Russ Ortiz and Ramon Ortiz in the same game? Dodgers deserved to lose

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Russ Ortiz took the loss in last night’s marathon Dodgers-Diamondbacks game, but a terrible play from Matt Kemp in center field was actually to blame. With that said, at this point any major-league team using Russ Ortiz in a game that counts in the standings probably deserves to lose.
Ortiz went 103-60 with a 4.00 ERA in 1,341 innings through age 30, including 21 wins and a fourth-place Cy Young finish for the Braves in 2003. However, since then he’s gone 10-29 with a 6.59 ERA and putrid 185/177 K/BB ratio in 317 innings while pitching for five different teams, posting yearly ERAs of 6.89, 8.14, 5.51, 5.57, and now 8.31.
So if the Dodgers are in the 11th inning of a 7-7 game and want to use a 36-year-old pitcher who hasn’t had an ERA under 5.00 since 2004 … well, they deserve what they got. Heck, before turning to Russ Ortiz in extra innings they used Ramon Ortiz to get two outs in the seventh inning. He’ll be 37 years old next month, has allowed five runs in 4.1 innings so far this season, and hasn’t had an ERA under 5.00 since 2004.
I’ll never understand why teams keep giving chances to washed-up (and then some) veterans like Russ and Ramon Ortiz (or Sidney Ponson for another prime example) when they’d probably be better off just randomly picking a different pitcher off a Triple-A roster. You’re telling me there aren’t a couple 20-somethings in the Dodgers’ farm system who could do a better job than the geriatric Ortiz boys?

Keith Law: The Braves have the best farm system. Who has the worst?

PHOENIX, AZ - APRIL 06:  General manager Dave Stewart of the Arizona Diamondbacks laughs on the field before the Opening Day MLB game against the San Francisco Giants at Chase Field on April 6, 2015 in Phoenix, Arizona.  (Photo by Christian Petersen/Getty Images)
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Why is this man smiling? Man, I wouldn’t be smiling if I read what I just read.

This is the week when ESPN’s Keith Law releases his prospect and farm system rankings. He kicks off his content this week with a top-to-bottom ranking of all 30 farm systems. As a rule he limits his analysis to players who are currently in the minors and who have not yet exhausted their rookie of the year eligibility.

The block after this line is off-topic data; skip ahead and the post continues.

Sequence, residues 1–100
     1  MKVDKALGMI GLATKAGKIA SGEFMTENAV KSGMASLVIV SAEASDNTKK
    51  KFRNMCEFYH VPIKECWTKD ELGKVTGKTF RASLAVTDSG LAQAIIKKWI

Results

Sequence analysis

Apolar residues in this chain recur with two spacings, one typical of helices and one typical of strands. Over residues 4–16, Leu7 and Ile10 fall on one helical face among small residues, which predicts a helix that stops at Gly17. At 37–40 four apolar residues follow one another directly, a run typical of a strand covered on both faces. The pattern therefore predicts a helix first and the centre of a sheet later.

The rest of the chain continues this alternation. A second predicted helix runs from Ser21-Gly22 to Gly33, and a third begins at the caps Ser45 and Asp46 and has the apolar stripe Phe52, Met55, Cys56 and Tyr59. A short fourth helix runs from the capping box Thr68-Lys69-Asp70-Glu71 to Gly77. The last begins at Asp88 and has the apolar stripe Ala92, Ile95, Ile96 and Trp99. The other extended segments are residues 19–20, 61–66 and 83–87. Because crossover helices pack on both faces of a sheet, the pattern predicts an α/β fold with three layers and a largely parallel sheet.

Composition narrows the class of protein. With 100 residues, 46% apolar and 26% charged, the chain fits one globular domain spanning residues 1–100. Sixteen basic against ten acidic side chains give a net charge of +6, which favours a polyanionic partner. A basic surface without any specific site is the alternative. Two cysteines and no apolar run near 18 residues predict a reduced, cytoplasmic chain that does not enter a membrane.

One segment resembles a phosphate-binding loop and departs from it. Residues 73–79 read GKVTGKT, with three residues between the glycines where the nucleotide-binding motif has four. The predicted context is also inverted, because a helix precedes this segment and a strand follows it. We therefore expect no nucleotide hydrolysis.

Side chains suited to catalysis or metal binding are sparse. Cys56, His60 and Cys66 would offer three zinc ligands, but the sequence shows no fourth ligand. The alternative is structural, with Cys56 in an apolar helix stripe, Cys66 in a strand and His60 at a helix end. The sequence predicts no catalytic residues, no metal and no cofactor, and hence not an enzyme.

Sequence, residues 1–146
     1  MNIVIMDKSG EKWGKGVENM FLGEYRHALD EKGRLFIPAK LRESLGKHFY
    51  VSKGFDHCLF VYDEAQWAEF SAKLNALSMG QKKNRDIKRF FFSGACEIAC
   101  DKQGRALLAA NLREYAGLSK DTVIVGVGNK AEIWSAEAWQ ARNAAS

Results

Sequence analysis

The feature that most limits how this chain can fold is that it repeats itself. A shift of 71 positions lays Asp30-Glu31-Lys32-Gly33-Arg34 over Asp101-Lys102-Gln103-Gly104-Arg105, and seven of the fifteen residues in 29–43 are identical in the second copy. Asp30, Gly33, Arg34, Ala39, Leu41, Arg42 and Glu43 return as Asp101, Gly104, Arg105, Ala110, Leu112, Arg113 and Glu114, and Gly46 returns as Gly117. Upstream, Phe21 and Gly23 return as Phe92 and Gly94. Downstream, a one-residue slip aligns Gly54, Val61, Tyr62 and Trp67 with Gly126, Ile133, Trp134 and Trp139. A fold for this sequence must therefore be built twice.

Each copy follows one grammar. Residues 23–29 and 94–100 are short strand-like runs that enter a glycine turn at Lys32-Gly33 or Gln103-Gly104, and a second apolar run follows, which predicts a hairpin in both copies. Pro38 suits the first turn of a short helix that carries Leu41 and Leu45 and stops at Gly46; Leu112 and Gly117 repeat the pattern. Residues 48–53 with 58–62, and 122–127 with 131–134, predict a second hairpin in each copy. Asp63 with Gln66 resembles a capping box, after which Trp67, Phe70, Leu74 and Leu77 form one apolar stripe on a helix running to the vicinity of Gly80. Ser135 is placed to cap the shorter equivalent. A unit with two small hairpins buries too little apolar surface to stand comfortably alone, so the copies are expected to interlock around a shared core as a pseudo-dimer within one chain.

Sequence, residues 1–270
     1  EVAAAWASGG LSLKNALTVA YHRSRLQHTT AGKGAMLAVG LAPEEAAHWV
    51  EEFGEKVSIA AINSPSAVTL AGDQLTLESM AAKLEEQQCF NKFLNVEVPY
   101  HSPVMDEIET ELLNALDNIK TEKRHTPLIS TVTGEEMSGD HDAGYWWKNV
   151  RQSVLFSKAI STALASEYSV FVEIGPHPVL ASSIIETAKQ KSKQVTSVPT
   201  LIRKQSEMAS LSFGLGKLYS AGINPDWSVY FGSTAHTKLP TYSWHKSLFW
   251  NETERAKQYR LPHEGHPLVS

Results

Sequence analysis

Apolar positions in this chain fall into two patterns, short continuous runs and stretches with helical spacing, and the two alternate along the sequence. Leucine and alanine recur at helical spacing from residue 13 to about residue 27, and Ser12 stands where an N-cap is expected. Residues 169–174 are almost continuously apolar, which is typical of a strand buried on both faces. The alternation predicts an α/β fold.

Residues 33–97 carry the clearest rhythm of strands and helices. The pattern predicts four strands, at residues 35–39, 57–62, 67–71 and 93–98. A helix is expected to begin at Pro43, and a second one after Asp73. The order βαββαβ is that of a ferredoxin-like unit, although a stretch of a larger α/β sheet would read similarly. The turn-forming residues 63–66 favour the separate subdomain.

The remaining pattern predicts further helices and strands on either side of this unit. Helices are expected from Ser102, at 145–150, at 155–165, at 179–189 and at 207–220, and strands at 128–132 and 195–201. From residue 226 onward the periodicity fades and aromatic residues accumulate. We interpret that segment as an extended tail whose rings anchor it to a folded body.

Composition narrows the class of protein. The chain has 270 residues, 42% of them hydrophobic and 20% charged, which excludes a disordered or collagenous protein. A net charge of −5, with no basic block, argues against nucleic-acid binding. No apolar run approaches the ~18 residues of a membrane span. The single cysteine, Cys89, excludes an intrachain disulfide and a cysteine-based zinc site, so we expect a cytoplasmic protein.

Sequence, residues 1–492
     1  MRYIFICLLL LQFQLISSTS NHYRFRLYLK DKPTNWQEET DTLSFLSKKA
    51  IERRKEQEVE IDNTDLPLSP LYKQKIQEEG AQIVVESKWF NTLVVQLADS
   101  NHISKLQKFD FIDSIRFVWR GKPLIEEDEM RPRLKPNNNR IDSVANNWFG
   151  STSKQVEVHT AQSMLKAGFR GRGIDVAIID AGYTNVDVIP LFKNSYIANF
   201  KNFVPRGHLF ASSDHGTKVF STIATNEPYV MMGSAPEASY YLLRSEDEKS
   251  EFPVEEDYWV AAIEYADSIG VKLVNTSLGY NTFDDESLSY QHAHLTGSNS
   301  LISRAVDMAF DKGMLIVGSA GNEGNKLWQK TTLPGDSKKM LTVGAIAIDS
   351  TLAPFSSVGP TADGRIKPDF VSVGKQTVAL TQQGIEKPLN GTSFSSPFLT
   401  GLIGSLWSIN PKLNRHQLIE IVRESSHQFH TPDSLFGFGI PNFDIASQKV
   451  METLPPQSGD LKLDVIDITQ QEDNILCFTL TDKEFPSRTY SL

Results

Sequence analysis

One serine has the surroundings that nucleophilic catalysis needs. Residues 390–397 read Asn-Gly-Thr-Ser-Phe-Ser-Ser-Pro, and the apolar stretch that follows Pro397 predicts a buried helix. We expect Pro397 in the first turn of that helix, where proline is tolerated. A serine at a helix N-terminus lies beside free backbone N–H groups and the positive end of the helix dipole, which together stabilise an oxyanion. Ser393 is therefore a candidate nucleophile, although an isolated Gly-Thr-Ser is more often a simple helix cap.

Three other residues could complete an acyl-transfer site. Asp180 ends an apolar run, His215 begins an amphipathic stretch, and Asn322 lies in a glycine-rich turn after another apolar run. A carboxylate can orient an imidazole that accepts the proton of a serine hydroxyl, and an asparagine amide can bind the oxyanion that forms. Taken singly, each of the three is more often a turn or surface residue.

For the second straight year, Law ranks the Braves as the best system in baseball. Number two — making a big leap from last year’s number 13 ranking – is the New York Yankees. Dead last: the Arizona Diamondbacks, which Law says “Dave Stewart ritually disemboweled” over the past two years. That’s gotta hurt.

If you want to know the reasons and the rankings of everyone in between you’ll have to get an ESPN Insider subscription. Sorry, I know everyone hates to pay for content on the Internet, but Keith and others who do this kind of work put a lot of damn work into it and this is what pays their bills. I typically don’t like to pay for content myself, but I do pay for an ESPN Insider subscription. It’s worth it for Law’s work alone.

The Blue Jays will . . . not be blue some days next year

blue jays logo
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The Toronto Blue Jays, like a lot of teams, will wear an alternate jersey next year. It’ll be for Sunday home games. They call it their “Canadiana,” uniforms. Which, hey, let’s hear it for national pride.

(question to Canada: my grandmother and my three of my four maternal great-grandparents were Canadian. Does that give me any rights to emigrate? You know, just in case? No reason for asking that today. Just curious!).

Anyway, these are the uniforms:

More like RED Jays, am I right?

OK, I am not going to leave this country. I’m going to stay here and fight for what’s right: a Major League Baseball-wide ban on all red alternate jerseys for anyone except the Cincinnati Reds, who make theirs work somehow. All of the rest of them look terrible.

Oh, Canada indeed.